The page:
Quick Clicks…Vignettes From the JN Archives
Louis Brandeis (1856-1941) was, perhaps, the foremost Jewish legal mind in American history. His career was phenomenal, to say the least. He first developed a reputation as the “people’s lawyer” for his work on behalf of the public interest and then served on the Supreme Court of the United States from 1916-1939.
While serving on the Supreme Court, Brandeis never lost his connections to Jewish Americans in all walks of life. A JN article from May 4, 1979, noted that, in 1936, he wrote a letter to a “struggling law student” from Detroit.
“The fact that one is a Jew and ‘without connections,’” Brandeis wrote, “is no bar to success. Be scrupulously honest; live simply and worthily; work hard; have patience and persistence; and don’t measure success by the numbers of dollars collected.”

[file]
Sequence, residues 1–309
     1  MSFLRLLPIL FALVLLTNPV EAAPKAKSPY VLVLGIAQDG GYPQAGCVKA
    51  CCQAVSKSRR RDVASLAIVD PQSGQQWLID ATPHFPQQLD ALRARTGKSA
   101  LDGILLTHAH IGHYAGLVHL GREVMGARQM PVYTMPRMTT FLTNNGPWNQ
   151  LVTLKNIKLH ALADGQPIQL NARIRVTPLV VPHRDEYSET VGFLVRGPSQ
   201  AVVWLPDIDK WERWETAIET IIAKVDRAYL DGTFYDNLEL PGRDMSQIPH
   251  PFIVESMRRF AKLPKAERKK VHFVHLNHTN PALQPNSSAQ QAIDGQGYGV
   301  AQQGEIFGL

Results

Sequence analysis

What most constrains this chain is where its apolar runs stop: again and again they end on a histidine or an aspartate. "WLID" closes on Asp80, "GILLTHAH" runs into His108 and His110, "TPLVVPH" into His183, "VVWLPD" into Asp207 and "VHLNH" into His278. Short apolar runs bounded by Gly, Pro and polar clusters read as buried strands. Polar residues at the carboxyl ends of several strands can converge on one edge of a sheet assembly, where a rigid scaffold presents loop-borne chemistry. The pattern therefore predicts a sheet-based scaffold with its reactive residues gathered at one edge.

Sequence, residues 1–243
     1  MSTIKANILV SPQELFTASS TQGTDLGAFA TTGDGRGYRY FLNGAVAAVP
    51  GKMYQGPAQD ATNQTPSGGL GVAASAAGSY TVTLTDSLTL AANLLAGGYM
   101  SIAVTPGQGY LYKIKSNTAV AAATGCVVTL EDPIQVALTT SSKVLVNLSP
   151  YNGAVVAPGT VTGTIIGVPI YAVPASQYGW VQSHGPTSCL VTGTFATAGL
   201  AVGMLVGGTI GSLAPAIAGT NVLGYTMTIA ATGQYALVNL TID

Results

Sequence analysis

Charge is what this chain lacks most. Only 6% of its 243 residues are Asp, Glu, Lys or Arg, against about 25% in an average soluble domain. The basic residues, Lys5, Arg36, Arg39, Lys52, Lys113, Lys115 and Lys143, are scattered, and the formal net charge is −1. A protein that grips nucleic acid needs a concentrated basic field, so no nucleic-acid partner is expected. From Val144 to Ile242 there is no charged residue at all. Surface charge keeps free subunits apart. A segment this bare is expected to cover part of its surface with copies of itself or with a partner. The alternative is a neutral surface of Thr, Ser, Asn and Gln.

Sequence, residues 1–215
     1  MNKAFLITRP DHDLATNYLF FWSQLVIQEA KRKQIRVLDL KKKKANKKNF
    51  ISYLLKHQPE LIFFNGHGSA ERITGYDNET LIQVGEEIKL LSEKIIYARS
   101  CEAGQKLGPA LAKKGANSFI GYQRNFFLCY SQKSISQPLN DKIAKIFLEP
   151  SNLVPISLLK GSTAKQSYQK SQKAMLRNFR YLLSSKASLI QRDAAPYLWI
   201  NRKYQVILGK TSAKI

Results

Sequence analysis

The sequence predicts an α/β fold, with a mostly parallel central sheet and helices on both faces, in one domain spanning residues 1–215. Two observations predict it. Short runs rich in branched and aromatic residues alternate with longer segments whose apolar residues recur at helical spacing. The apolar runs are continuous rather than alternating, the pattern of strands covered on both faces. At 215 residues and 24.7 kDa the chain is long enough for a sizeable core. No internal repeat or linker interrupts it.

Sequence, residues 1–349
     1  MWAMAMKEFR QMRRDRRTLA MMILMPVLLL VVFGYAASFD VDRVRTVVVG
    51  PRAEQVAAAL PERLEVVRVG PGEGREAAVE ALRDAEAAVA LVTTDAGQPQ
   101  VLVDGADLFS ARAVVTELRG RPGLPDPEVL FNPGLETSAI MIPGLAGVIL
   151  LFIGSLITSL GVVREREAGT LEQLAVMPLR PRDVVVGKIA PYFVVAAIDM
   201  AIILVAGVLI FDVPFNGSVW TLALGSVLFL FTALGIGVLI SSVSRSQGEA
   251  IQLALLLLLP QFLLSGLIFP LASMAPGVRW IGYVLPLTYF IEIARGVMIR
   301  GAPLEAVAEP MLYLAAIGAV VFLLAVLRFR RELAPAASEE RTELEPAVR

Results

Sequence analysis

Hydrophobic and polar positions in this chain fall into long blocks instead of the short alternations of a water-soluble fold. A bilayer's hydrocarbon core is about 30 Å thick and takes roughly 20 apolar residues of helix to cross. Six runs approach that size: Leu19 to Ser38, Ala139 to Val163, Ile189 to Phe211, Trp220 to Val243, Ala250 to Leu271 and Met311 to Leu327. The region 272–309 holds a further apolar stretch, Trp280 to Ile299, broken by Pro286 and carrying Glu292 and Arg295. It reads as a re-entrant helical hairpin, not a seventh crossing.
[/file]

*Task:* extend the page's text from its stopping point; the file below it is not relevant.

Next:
Words to live by.
The “struggling” Jewish law student, Hyman Parker, did indeed earn his law degree from Wayne State University. He became a respected labor lawyer in Detroit and, eventually, director of the Michigan Employment Relations Commission.
Thanks to his son, Dr. Philip Parker, for telling me about this story.
Want to learn more? Go to the DJN Foundation archives, available for free at www.djnfoundation.org.
By: Mike Smith, Detroit Jewish News Foundation Archivist